Leaving a Mark

One day in Mrs. Campbell's seventh-grade English class, a pail of soapy water with a sponge was being passed up and down the rows of desks so that we students could clean our cruddy desktops. (Note to younger readers: I mean the tops of our desks. This was 40 years ago.) Mrs. Campbell told us to stop talking during this process and take out our notebooks (the kind with paper that you write in). As I was taking out my notebook, I turned around to check on the progress of the approaching pail. Mrs. Campbell thought I was talking to the girl behind me, so she told me to come to the front of the class.

I told her that I wasn't talking, but to no avail. She took a piece of chalk and drew a small circle on the blackboard and told me to stick my nose in it. Having been raised to never question authority, I did as I was told. So there I was, slightly bent over because of where Mrs. Campbell had drawn the little circle, with my nose against the blackboard.

Let's just say it left a mark. If there's one thing I haven't tolerated well since that day, it's injustice.

So last week, as I was reading some of the data that yielded the special report on our 2005 Salary Survey in this week's issue, I was bothered by the difference between the average total compensation for male and female IT professionals. For men, the figure is $89,437; for women, it's $80,528. Same jobs. But women are paid about 90 cents for every dollar that men are paid.

That there's a gender wage gap is, of course, news to no one. Nor is it news that the gap exists in the IT profession. A reluctance among women to advance their careers by means of relocation (primarily stemming from their partners' career aspirations) has long been cited as a major reason for the compensation disparity. I agree that's a factor.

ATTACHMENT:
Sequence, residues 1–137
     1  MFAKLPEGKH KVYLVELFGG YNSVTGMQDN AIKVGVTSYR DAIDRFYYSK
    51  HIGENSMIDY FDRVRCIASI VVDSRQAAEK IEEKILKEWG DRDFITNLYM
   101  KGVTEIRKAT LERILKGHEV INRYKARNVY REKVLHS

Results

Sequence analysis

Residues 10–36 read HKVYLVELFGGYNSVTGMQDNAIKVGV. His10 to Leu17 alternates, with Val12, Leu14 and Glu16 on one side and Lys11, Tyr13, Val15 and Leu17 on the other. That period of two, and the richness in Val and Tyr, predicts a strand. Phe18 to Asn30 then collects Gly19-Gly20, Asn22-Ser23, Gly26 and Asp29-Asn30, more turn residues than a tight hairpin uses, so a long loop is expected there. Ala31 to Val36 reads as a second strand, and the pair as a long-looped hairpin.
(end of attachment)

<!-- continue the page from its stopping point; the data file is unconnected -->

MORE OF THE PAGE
But there has to be more to it than that. It's widely held that men work more hours than women do, because of family considerations, but that's not what our survey found. While the survey results show that women value things such as paid time off and a better work/life balance more than men do, the mean number of hours they work is statistically equal. So why the disparity?

Nancy Newkirk, corporate IT director at Boston-based International Data Group, Computerworld's parent company, wonders whether women negotiate as well as men do and whether women underestimate their worth. "When I'm hiring, I see resumes all the time from men who are really underqualified," she says. "I can tell you honestly, I don't think I see women who submit a resume for a job they aren't qualified for."

Whatever the reasons, we shouldn't be content with the status quo. True, IT professionals fare better than college graduates in general. According to research conducted earlier this year by the American Association of University Women, college-educated women earn only 72 cents for every dollar earned by their male counterparts.

But how much injustice is acceptable? For 40 years, I've wished I'd picked up the piece of chalk and drawn a big "N" just to the left of that little circle, crossed my arms and looked Mrs. Campbell straight in the eye.

No injustice is acceptable. Let that be the mark left on society by this generation of IT professionals.

Don Tennant

Don Tennant is editor in chief of Computerworld. You can contact him at don_tennant@computerworld.com.

Special Report

2005 Salary Survey

Stories in this report:


Copyright © 2005 IDG Communications, Inc.

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